Kanye West explains his 13th Amendment comments

Kanye West explains his views on the 13th Amendment. Twitter photo.

Kanye West wants to clarify his controversial comments about the 13th Amendment.

The polarizing rapper, who now wants to be known as "Ye," was roasted this past weekend for his comments about President Trump from the stage of "Saturday Night Live" and for later tweeting that the 13th Amendment should be abolished.

The amendment, which was ratified in 1865, abolished slavery and involuntary servitude, except as a punishment for a crime for which someone had been convicted.

West stirred outrage with a tweet Sunday which showed him on what appeared to be a private plane while wearing a "Make America Great Again" cap. In it he wrote, "This represents good and America becoming whole again."

"We will no longer outsource to other countries. We build factories here in America and create jobs," West tweeted. "We will provide jobs for all who are free from prisons as we abolish the 13th amendment. Message sent with love."

Kanye West stirs more outrage with 13th Amendment, slavery tweets

He later tweeted a clarification.

"The 13th Amendment is slavery in disguise," he added. "Meaning it never ended. We are the solution that heals."

The rapper appeared on TMZ Monday to further clarify his statements.

"Abolish was the wrong language," he said. "I misspoke by saying abolish. Amend is the right language."

He then read from a statement he said his friend and fellow Chicago rapper GLC wrote for him. West said his friend "puts a lot of energy into understanding historical facts."

"In 1865, the 13th Amendment stated that no man is destined to slavery or involuntary servitude unless convicted of a crime," West read from his phone. "This translates to in order to make a freed man a slave all you have to do is convict them of a crime."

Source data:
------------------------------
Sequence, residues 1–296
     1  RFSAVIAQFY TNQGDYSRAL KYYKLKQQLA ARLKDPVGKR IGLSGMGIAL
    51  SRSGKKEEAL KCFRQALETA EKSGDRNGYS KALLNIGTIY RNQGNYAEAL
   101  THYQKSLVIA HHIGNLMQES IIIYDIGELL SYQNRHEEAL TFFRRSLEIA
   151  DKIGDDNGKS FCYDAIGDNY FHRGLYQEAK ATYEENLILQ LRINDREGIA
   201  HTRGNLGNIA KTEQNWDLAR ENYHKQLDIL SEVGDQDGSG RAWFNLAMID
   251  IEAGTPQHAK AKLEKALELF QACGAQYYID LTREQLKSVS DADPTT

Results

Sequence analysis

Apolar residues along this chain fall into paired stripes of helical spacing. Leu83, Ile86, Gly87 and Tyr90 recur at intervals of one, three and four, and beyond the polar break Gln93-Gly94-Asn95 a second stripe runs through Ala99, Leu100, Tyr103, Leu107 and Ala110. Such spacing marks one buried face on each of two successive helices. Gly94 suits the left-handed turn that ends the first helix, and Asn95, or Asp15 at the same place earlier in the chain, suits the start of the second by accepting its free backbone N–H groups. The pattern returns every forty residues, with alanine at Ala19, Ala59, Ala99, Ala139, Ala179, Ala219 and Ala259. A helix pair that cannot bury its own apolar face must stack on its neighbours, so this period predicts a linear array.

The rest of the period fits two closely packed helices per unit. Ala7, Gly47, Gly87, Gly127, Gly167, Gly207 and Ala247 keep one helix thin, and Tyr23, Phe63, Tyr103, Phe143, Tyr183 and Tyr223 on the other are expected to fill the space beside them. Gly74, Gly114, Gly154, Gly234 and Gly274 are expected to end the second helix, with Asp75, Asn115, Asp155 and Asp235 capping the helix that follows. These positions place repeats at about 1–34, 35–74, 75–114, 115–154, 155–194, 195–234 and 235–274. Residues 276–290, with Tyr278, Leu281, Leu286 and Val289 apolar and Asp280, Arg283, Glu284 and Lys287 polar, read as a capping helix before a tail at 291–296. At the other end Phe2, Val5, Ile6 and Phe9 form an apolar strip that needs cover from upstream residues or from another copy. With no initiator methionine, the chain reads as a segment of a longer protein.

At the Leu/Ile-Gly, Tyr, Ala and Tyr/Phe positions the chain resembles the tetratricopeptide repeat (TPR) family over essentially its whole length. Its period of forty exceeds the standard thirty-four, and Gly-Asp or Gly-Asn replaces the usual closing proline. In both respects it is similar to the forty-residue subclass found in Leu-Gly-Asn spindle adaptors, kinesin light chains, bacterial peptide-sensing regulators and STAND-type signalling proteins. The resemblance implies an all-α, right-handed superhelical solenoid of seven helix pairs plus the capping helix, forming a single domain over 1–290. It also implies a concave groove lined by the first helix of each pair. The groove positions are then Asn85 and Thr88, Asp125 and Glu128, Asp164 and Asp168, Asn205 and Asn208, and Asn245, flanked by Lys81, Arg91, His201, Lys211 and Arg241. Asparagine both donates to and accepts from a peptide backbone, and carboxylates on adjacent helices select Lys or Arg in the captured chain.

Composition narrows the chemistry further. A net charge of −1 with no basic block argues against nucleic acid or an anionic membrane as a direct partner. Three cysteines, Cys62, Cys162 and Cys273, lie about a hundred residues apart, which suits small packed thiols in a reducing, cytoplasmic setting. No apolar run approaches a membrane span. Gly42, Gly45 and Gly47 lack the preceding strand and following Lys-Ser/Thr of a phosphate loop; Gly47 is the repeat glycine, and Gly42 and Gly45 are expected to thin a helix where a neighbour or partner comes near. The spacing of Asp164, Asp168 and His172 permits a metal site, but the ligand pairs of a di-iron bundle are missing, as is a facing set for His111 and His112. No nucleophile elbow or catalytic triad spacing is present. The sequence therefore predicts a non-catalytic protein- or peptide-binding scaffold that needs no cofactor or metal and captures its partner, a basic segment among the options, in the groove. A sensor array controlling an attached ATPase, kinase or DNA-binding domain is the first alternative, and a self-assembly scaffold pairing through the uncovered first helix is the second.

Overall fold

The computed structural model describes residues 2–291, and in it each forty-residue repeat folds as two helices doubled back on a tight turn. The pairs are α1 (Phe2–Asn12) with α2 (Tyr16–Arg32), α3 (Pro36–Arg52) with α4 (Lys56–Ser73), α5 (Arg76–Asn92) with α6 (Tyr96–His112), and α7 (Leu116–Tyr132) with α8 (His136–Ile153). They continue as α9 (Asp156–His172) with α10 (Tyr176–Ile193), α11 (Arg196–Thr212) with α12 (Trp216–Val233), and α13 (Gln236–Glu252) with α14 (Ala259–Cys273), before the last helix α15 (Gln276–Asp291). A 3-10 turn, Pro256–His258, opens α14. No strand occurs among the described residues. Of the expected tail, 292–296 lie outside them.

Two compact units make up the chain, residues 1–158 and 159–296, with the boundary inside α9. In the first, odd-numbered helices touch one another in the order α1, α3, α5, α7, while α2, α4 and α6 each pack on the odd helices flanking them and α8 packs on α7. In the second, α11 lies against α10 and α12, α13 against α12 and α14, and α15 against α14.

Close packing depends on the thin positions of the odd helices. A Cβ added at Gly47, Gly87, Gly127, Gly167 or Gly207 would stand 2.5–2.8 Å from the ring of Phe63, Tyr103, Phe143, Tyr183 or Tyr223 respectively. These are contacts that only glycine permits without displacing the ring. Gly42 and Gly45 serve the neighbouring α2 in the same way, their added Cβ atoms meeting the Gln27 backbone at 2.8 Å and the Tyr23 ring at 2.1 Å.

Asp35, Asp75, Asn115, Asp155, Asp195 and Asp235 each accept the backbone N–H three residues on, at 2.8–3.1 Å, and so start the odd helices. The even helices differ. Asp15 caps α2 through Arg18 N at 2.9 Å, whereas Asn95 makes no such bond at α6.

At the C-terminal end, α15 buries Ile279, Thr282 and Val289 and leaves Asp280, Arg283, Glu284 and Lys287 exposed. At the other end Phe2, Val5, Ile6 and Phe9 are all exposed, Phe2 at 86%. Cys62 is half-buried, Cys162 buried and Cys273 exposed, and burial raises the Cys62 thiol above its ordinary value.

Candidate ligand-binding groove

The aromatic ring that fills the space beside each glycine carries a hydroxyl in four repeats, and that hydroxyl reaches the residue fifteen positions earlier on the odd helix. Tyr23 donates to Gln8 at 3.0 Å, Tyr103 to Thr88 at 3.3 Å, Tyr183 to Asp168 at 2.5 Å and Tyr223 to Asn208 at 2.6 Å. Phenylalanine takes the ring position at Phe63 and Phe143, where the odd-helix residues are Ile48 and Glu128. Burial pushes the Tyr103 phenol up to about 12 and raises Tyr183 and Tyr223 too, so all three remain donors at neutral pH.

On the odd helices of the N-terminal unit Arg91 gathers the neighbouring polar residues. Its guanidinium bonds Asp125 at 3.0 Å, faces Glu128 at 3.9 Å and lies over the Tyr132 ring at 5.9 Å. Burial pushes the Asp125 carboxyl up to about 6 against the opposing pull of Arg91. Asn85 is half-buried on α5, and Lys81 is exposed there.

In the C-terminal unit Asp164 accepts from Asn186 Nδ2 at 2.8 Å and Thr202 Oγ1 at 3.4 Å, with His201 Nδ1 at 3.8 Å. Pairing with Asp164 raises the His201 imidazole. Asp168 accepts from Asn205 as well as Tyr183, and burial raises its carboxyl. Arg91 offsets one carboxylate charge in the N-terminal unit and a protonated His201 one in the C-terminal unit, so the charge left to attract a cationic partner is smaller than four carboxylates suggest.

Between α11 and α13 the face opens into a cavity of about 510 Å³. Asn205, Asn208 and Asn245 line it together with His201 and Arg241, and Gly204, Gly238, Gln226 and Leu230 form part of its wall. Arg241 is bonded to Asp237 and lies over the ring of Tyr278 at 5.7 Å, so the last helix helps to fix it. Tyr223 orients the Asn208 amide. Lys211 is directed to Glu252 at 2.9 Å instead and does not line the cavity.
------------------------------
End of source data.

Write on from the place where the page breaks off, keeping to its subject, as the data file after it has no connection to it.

Host Harvey Levin tried to confirm where West was going.

"So in other words what you're saying is they carve out prison for involuntary servitude and you can use prison as a pretext to bring involuntary servitude back," Levin said. "Is that what you're saying?"

"Well it has," West said."There's people getting paid 8 cents a week working for companies that are privately owned and a lot of them are first-time offenders. A lot of them are non-violent crimes."

West said he believes there should be a group of diverse "super knowledgeable people" who work on amending the Constitution.

It's just the latest controversy for West, who has been a vocal supporter of President Trump. After performing several songs on "Saturday Night Live" over the weekend, the rapper went on a rant about Trump and racism in America as "SNL" went off the air.

The rapper also told TMZ he has reached out to former NFL player Colin Kaepernick to try and arrange a meeting with Trump.

Kaepernick started a silent protest in 2016 when he began kneeling during the national anthem at NFL games to protest police brutality and racial injustice. Trump accused him and other protesting NFL players of being unpatriotic and called them "sons of bitches."

"I have been calling Colin this morning, reaching him so I can bring Colin to the White House and we can remove that 'sons of bitches' statement and we can be on the same page," West said.

CNN has reached out to reps for Kaepernick for comment.

By Lisa Respers France, CNN.The-CNN-Wire™ & © 2018 Cable News Network, Inc., a Time Warner Company. All rights reserved.

The Gayly. 10/2/2018 @12:17 p.m. CST.